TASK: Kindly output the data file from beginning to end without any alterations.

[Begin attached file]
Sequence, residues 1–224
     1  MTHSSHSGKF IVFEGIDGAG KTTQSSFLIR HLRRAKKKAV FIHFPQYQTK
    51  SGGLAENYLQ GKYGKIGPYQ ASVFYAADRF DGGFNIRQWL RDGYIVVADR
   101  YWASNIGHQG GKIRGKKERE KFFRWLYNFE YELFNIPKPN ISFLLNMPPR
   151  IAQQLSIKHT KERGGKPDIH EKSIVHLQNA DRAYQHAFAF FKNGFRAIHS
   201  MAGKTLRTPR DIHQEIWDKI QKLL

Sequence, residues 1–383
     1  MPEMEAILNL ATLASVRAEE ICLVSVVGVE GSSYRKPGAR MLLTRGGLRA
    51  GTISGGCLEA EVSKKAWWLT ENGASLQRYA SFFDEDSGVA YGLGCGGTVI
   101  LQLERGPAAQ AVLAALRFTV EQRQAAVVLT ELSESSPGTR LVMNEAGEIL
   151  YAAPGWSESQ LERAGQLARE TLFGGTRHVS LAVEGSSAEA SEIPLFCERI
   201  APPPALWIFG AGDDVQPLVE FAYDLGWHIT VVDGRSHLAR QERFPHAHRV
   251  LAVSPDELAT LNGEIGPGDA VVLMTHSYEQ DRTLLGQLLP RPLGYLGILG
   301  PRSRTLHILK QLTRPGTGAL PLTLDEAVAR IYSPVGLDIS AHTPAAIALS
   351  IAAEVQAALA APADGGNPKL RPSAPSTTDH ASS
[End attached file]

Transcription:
Sequence, residues 1–224
     1  MTHSSHSGKF IVFEGIDGAG KTTQSSFLIR HLRRAKKKAV FIHFPQYQTK
    51  SGGLAENYLQ GKYGKIGPYQ ASVFYAADRF DGGFNIRQWL RDGYIVVADR
   101  YWASNIGHQG GKIRGKKERE KFFRWLYNFE YELFNIPKPN ISFLLNMPPR
   151  IAQQLSIKHT KERGGKPDIH EKSIVHLQNA DRAYQHAFAF FKNGFRAIHS
   201  MAGKTLRTPR DIHQEIWDKI QKLL

Sequence, residues 1–383
     1  MPEMEAILNL ATLASVRAEE ICLVSVVGVE GSSYRKPGAR MLLTRGGLRA
    51  GTISGGCLEA EVSKKAWWLT ENGASLQRYA SFFDEDSGVA YGLGCGGTVI
   101  LQLERGPAAQ AVLAALRFTV EQRQAAVVLT ELSESSPGTR LVMNEAGEIL
   151  YAAPGWSESQ LERAGQLARE TLFGGTRHVS LAVEGSSAEA SEIPLFCERI
   201  APPPALWIFG AGDDVQPLVE FAYDLGWHIT VVDGRSHLAR QERFPHAHRV
   251  LAVSPDELAT LNGEIGPGDA VVLMTHSYEQ DRTLLGQLLP RPLGYLGILG
   301  PRSRTLHILK QLTRPGTGAL PLTLDEAVAR IYSPVGLDIS AHTPAAIALS
   351  IAAEVQAALA APADGGNPKL RPSAPSTTDH ASS